Bank Problems and the Housing Sector

Written by: David Lereah   Tue, March 3, 2009 Crisis Watch

The U.S. banking system is ailing and further deterioration could have serious negative implications for the economy and housing sector. To date, the Treasury has injected $196 billion into the nation’s top banks by purchasing preferred bank stock. In addition, the Federal Reserve has increased its lending facilities, including the Term Auction Facility, which offers $150 billion in secured loans to banks per auction.

After two initial injections of capital, the Treasury will convert up to $27.5 billion of preferred Citigroup shares into common stock issued under the Capital Purchase Program, on top of the $45 billion allocated to Citigroup in 2008 to aid the troubled bank. This latest government effort increases Citigroup’s tangible common equity from $29.7 billion to $81 billion, strengthening its capital position. The stark reality is that the U.S. government now has a 36 percent ownership stake in the nation’s third largest financial institution. Some are labeling the government’s involvement in the banking industry as partial nationalization.

The banking industry is literally the heart of our economy—it pumps money into consumers and businesses via lending by extending credit. If the pump stops, consumers and businesses suffer; jobs are lost and the economy sinks deeper into recession. That is why the Federal Reserve and the Treasury are paying so much attention to our banks. They have been on center stage during this financial and economic crisis. Their survival is critical to the economic recovery.

But there are unintended consequences of the government’s efforts in restoring confidence in the banking system. First, it is now clear that large banks are too big to fail and that creates perverse incentives. Second, taxpayers via government injections are paying for the bailout of banks and that brings up fairness issues. Third, banks are now being positioned to be the primary focus of mortgage lending and that could stifle competition at some point.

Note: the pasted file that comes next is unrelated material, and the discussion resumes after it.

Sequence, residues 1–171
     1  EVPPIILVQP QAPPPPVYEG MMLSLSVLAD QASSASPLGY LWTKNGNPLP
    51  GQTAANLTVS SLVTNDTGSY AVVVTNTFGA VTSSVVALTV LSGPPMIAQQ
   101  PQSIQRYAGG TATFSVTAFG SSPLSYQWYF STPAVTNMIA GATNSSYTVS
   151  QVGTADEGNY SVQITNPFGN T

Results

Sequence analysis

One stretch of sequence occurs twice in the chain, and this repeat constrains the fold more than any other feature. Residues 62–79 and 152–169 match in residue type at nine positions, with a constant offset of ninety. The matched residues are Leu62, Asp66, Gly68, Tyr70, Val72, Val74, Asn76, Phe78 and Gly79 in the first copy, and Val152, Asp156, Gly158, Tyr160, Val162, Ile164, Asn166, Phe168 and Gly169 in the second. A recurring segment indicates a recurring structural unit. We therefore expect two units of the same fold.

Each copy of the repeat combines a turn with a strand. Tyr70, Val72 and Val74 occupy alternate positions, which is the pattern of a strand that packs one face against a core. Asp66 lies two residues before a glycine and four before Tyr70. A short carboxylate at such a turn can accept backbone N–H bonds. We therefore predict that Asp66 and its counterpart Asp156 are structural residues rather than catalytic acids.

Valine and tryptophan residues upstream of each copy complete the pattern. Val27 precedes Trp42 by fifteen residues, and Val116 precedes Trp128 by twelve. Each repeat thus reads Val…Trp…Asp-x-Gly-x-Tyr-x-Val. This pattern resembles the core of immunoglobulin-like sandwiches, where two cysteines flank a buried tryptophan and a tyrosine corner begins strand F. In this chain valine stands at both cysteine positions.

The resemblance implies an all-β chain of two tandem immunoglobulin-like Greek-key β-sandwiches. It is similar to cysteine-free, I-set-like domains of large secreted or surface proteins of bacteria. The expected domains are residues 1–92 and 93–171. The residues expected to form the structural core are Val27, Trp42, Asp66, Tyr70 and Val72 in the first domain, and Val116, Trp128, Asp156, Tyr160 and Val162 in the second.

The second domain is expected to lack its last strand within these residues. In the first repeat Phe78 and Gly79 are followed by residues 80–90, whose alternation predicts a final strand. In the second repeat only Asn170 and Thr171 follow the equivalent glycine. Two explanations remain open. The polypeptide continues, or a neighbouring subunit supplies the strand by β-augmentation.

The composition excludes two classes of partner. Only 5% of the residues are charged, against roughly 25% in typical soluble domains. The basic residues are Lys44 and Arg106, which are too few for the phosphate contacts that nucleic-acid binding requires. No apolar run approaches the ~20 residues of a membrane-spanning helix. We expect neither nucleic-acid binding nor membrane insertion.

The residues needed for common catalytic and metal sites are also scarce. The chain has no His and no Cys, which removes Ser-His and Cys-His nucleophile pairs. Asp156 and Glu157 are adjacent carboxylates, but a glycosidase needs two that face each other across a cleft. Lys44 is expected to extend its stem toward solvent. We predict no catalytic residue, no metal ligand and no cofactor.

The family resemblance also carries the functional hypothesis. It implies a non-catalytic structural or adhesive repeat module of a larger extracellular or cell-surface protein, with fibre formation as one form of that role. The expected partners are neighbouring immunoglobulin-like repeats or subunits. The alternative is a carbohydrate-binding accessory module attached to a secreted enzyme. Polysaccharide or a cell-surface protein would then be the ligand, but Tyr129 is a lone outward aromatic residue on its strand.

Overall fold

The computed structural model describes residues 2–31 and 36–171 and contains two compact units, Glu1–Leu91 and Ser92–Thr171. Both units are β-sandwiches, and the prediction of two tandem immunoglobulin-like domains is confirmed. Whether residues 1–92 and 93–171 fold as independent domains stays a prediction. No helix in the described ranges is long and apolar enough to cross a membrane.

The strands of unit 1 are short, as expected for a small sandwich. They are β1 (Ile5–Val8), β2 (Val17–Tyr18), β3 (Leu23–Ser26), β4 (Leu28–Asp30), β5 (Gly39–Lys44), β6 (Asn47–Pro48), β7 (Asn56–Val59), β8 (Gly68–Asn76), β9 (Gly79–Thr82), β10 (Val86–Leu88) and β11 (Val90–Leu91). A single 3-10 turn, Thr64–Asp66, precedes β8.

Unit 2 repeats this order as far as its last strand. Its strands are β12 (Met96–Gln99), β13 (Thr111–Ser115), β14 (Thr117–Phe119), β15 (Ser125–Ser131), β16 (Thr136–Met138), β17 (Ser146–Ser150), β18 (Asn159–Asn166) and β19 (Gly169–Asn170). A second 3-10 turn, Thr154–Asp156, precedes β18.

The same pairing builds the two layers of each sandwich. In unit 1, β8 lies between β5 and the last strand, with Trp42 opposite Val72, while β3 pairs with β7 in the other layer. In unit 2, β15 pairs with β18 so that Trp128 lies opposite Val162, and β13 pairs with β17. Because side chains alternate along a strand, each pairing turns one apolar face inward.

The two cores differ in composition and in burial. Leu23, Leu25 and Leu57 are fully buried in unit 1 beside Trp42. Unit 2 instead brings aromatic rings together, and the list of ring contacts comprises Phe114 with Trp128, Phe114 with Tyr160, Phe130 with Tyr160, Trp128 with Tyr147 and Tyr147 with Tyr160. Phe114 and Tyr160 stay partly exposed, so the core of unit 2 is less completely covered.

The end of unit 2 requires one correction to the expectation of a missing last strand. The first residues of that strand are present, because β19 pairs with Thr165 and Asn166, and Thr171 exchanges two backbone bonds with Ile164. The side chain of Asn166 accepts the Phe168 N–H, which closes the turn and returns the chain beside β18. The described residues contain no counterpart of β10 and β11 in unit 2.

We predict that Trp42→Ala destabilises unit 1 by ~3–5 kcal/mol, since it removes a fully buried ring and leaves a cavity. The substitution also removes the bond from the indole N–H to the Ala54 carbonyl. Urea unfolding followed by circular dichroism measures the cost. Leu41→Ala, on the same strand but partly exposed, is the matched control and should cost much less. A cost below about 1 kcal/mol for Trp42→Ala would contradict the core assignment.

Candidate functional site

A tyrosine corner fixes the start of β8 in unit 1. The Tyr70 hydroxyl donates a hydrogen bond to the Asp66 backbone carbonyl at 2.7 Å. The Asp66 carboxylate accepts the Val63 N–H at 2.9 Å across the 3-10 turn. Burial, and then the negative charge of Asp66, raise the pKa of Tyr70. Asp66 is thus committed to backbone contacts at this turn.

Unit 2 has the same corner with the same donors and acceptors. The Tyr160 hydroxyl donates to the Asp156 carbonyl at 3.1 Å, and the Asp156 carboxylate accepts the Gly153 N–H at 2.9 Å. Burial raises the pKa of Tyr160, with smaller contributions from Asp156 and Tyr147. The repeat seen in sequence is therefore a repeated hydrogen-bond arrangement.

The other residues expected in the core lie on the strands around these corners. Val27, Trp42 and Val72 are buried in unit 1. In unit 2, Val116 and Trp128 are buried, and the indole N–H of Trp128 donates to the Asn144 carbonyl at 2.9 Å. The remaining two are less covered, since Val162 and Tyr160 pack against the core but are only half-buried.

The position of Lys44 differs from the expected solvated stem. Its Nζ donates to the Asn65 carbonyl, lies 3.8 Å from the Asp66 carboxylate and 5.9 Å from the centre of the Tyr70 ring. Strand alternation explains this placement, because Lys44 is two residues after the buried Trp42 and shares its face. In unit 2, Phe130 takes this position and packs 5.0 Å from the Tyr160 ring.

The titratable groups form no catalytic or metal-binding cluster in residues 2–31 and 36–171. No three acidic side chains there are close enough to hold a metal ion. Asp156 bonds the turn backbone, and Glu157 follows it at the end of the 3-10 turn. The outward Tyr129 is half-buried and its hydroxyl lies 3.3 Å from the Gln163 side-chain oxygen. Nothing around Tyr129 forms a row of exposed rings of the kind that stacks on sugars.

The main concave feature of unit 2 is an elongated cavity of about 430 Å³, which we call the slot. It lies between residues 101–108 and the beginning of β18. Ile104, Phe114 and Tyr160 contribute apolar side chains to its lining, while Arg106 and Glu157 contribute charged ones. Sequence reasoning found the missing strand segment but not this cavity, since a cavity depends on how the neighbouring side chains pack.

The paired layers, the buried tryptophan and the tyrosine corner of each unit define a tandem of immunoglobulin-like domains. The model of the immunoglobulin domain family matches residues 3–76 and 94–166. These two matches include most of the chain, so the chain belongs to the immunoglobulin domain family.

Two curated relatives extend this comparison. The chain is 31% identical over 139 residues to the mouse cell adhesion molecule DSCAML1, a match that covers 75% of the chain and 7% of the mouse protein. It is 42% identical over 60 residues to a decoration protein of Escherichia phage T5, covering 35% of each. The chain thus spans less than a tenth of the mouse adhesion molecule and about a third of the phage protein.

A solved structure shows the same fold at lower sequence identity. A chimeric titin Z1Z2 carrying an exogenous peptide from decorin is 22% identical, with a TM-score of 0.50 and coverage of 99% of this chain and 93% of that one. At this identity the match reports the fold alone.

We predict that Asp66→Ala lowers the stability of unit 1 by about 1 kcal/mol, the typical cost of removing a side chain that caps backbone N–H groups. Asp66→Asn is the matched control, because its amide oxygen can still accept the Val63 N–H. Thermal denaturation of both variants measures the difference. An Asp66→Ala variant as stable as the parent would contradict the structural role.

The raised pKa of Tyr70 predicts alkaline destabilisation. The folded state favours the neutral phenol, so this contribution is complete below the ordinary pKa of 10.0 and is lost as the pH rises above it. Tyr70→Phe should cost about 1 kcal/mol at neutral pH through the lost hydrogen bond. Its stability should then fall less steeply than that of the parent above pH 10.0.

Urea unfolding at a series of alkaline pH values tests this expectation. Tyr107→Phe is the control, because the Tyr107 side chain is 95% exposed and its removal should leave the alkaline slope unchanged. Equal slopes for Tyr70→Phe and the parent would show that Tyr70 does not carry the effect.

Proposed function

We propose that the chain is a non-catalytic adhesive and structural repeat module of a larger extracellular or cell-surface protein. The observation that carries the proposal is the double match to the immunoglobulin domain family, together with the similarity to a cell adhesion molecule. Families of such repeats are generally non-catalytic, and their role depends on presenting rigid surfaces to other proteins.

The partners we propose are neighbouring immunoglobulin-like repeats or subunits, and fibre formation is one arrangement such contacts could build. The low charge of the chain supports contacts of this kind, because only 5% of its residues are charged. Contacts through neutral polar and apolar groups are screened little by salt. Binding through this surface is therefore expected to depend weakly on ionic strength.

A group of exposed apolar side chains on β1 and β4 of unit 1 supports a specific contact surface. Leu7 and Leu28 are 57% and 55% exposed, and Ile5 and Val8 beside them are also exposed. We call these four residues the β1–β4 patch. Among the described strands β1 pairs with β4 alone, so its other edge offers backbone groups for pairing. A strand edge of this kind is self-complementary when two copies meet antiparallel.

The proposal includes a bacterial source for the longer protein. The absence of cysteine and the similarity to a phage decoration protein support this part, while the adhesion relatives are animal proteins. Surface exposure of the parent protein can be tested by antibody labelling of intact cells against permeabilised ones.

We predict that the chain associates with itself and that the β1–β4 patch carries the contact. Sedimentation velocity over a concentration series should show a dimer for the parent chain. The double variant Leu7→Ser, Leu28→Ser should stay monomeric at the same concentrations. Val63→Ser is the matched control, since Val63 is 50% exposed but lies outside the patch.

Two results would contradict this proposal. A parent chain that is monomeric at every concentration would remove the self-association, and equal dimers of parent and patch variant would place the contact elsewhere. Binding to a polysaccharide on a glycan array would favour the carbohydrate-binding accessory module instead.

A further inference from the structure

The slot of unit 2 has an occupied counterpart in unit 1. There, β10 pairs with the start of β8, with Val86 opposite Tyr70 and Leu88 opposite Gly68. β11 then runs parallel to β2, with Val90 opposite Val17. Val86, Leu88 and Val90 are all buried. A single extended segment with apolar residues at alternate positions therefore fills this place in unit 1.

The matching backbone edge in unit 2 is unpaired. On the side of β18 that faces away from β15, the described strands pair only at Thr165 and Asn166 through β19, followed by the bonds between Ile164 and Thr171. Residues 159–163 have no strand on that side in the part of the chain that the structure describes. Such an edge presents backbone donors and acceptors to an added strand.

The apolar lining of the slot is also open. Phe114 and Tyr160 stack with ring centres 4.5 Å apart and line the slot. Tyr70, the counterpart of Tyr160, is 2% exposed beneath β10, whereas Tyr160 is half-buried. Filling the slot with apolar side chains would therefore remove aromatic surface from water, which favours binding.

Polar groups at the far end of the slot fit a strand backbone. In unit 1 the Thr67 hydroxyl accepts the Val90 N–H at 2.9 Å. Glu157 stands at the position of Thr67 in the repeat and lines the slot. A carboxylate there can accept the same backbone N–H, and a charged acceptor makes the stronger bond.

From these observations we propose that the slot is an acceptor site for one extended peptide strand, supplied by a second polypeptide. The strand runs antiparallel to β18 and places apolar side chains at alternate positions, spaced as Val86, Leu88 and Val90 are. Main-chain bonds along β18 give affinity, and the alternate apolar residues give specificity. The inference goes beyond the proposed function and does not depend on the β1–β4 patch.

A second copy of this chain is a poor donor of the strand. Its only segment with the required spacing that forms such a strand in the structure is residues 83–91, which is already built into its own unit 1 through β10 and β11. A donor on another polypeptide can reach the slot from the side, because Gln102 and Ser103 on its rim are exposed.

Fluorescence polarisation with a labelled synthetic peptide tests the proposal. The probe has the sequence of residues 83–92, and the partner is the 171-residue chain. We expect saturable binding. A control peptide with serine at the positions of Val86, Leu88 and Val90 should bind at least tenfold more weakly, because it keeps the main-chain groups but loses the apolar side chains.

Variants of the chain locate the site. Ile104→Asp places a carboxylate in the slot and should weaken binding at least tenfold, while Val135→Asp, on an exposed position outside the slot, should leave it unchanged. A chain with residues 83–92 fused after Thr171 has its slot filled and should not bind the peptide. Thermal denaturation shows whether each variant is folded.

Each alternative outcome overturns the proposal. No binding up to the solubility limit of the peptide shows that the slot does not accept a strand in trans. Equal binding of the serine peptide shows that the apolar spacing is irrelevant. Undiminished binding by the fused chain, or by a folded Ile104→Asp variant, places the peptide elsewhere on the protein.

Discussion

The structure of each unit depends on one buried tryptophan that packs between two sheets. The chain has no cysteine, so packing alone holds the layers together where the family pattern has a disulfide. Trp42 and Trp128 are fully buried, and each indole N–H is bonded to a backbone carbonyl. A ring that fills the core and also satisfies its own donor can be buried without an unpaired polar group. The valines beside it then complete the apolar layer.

Today, the large banks have literally shut off business to mortgage brokers and are keeping the business for themselves. Rather than utilize the mortgage broker network where thousands of mortgage brokers are competitively shopping mortgage loans to bank wholesale operations on behalf of consumers, the banks are permitting their retail operations to do the entire mortgage lending business. Competition for mortgage lending is among a handful of large banks rather than among thousands of mortgage brokers competing for business. In the long run, consumers may not get competitive pricing.

Putting competition and fairness issues aside, the immediate issue today is how to stabilize the nation’s banking system. Federal Reserve Chairman Ben Bernanke outlined a 3-step plan for the largest, most troubled banks to accomplish that objective.

Stress Test: The government will run stress tests to evaluate the financial conditions of the 19 largest banks under a severe economic downturn to see if they can survive. Rather than a pass of fail grade, the regulators are more interested in determining how much capital each bank needs from the government, to give them a cushion while they restructure during the recession.

Recapitalization: The Treasury will inject money into these troubled institutions in the form of preferred or convertible preferred stock. These shares usually do not have voting rights so recapitalization does not give the appearance that the government is nationalizing these banks.

Exit: Bernanke said that the end game will come when these banks can raise private capital and repay the government. Although there is no guarantee that taxpayers will get their money back, the hope is that the government will actually make money on the deal.

There is no magic formula or secret sauce to make the banking mess go away. The government is doing the best it can do under trying times. The fate of our nation’s economy and housing markets depend on it. For the housing sector to fully recover, we need a stable banking system pumping money/credit back into the economy once again.

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